WARNING Collars of woven nylon webmaterial are dangerous

/> Subject: Please let every dog owner you know....Extremely dangerouscollar!!!


We hope this email may save a life. Unfortunately it is a horrible lesson we just learned. You may remember the beautiful girl we rescued out of O.C. shelter. 'Aya'. Aya was out in the back playing rough with our
other dog unsupervised ..during this play her 'Nylon web collar ' came off. No biggie right DEADLY WRONG!!! As with many young dogs Aya loves to chew 'everything' and she ate her collar leaving only the plastic clip,
adjuster, metal ring and license all this happened in less than a half hour Friday night. Sat am she had only passed a few small pieces vet said to watch her and all should pass in 24 hrs. Sunday am she was not doing
well.took her to emergency by noon Sunday she was in surgery!!!!
Severe blockage in several areas of the small intestines and much of the collar had unraveled and was trailing throughout her intestines and stomach . The vet had to remove several sections of intestine where the nylon fibers had ineffect knotted her intestine. We lost her at 5am this morning. we are

The way these collars and leashes are woven even 1inch can unravel to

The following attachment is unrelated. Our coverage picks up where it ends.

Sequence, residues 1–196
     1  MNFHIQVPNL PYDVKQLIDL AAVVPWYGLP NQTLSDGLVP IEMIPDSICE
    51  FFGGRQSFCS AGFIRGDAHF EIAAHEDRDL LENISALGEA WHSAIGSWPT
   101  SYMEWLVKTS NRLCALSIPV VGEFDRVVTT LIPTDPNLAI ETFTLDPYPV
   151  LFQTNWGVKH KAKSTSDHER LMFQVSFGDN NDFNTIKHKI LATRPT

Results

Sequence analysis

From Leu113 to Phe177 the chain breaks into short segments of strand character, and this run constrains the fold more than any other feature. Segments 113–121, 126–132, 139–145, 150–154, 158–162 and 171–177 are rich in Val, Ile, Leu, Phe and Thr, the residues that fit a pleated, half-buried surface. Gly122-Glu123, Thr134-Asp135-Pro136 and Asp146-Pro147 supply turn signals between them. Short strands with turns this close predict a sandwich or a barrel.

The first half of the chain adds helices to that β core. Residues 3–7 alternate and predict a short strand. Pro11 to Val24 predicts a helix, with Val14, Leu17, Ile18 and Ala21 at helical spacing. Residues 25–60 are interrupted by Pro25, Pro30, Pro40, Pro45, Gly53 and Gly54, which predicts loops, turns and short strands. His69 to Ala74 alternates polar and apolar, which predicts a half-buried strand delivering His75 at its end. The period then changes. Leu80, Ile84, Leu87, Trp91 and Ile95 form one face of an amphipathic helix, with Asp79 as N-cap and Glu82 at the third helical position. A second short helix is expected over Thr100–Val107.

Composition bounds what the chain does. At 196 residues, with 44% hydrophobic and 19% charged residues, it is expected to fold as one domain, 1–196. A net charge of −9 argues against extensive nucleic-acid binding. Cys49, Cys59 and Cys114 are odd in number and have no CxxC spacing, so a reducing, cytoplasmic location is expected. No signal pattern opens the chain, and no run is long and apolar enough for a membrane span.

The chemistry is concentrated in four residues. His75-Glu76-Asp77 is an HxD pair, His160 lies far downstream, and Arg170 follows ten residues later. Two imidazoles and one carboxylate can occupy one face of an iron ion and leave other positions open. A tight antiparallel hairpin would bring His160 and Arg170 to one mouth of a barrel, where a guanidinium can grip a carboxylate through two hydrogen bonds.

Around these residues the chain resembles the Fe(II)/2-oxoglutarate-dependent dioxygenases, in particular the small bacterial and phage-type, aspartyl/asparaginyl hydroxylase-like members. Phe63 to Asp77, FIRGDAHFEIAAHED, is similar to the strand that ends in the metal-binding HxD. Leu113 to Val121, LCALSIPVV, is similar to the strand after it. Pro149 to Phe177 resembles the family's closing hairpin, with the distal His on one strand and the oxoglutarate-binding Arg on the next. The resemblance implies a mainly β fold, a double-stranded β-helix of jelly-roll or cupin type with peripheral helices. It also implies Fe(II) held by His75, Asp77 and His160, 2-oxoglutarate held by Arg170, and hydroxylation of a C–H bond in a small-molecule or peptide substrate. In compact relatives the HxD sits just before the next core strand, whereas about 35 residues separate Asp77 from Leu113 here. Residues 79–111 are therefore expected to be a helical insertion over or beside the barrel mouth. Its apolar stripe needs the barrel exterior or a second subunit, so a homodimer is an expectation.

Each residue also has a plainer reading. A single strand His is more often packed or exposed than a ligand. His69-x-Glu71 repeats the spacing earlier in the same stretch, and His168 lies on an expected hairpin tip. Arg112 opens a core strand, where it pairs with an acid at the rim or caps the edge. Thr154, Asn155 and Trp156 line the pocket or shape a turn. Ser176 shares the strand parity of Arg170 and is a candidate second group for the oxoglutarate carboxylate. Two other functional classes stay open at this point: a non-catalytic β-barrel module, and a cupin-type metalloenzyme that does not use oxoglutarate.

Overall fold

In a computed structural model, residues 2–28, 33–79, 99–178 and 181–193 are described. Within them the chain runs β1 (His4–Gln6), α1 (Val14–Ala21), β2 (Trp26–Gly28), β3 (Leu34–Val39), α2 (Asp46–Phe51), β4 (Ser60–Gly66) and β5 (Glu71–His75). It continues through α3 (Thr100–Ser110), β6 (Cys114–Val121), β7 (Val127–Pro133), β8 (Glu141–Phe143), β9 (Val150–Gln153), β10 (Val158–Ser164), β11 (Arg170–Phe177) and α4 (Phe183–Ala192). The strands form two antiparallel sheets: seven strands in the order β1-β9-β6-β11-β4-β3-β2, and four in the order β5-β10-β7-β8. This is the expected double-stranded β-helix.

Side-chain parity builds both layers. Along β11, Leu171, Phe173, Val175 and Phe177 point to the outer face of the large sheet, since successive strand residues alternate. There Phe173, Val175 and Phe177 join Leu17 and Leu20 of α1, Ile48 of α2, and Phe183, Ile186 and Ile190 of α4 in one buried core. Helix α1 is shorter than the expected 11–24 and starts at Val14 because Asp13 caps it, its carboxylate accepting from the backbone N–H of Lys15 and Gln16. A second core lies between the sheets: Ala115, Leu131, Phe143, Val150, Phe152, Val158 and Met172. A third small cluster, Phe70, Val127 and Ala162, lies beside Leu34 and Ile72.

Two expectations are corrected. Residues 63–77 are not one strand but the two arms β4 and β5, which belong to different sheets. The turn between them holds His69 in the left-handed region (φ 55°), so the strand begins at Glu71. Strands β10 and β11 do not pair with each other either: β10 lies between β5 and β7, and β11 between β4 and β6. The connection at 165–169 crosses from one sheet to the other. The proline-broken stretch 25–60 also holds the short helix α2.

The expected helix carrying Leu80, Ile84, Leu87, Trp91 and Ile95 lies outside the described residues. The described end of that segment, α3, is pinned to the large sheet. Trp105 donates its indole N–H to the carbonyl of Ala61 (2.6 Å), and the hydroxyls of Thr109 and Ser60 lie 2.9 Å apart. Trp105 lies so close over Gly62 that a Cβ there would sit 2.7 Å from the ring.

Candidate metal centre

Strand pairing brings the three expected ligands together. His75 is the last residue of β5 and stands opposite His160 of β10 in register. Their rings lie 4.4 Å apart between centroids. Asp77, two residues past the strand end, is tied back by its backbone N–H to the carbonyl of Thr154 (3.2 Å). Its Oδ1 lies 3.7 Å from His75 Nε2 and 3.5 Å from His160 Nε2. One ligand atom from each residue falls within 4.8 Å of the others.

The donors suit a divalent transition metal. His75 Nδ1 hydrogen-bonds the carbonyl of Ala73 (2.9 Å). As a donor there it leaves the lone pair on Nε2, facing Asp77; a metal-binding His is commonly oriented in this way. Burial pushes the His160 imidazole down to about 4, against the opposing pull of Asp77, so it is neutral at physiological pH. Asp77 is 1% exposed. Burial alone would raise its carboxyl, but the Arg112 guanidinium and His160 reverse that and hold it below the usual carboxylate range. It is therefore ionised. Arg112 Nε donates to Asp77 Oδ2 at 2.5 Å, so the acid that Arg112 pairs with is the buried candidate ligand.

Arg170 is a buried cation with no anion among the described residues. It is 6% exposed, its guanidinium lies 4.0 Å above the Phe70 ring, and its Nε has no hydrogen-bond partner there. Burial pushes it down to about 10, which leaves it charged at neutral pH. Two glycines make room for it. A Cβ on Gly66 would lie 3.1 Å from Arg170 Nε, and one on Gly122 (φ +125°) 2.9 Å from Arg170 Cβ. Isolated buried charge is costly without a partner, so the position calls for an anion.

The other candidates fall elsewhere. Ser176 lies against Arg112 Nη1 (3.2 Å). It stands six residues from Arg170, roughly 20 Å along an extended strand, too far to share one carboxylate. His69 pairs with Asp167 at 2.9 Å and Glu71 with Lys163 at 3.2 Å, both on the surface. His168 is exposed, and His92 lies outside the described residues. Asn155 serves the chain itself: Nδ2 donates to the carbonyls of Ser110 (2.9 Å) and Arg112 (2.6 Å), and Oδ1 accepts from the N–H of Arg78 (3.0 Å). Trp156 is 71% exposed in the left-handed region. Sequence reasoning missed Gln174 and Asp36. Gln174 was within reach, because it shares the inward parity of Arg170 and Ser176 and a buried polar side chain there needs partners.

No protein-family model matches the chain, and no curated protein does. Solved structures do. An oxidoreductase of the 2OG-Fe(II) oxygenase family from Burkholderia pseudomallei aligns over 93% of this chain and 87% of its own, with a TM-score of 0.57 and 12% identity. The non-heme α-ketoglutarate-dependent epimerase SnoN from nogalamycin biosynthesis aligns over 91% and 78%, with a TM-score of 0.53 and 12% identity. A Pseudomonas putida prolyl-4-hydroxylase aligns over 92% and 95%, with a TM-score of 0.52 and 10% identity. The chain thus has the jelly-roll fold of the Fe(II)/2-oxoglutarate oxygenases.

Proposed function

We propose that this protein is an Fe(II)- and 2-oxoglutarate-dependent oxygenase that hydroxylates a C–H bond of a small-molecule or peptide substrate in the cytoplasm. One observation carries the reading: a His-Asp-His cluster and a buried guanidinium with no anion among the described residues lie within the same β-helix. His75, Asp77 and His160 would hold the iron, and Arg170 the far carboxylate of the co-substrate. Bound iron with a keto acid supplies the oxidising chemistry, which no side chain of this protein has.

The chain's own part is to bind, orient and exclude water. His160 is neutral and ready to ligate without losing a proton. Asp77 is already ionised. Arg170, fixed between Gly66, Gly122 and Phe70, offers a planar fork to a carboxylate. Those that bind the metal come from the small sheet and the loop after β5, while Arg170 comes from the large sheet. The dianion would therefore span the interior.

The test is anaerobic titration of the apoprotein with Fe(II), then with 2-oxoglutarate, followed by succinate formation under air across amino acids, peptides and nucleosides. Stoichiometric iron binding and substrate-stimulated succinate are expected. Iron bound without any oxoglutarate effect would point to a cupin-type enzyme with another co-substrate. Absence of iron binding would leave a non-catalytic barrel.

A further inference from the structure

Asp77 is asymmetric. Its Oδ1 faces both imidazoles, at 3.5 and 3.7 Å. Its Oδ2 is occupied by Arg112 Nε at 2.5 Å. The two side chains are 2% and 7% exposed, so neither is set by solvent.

threads several yards long and the Nylon does not break it just keeps
unraveling so please forward this on.

We are heartbroken. Jeff & Chika Kritz

In answer to your We don't have a pic of the collar for you
or a brand name. This makes no difference,these items are sold by the 100's
at 'EVERY' pet store in the US. We purchased ours at a local feed/pet store
in town. Go to a Petsmart or Petco and you will see dozens of sizes,patterns
and colors on the shelf. A more detailed description: Woven Nylon Web
material made in many colors and patterns. We have all seen them and most of
us with dogs have such items. In my opinion it does not matter if the clasp
or buckle is metal or plastic...that is not what caused our babys was the Nylon webbing coming unraveled in her digestive tract.
This warning is for "ALL" nylon collars, muzzles,harnesses,leads,leashes and
like products that when chewed could unravel.
Thanks, Jeff Kritz


From Krista Mifflin,Your Guide to Dogs - From Animal-Net forwarded by joe miele

Are you one of the many dog lovers that can't be in the same room as a dog without degenerating into a sneezing fit? Don't despair! You are not alone!

Start now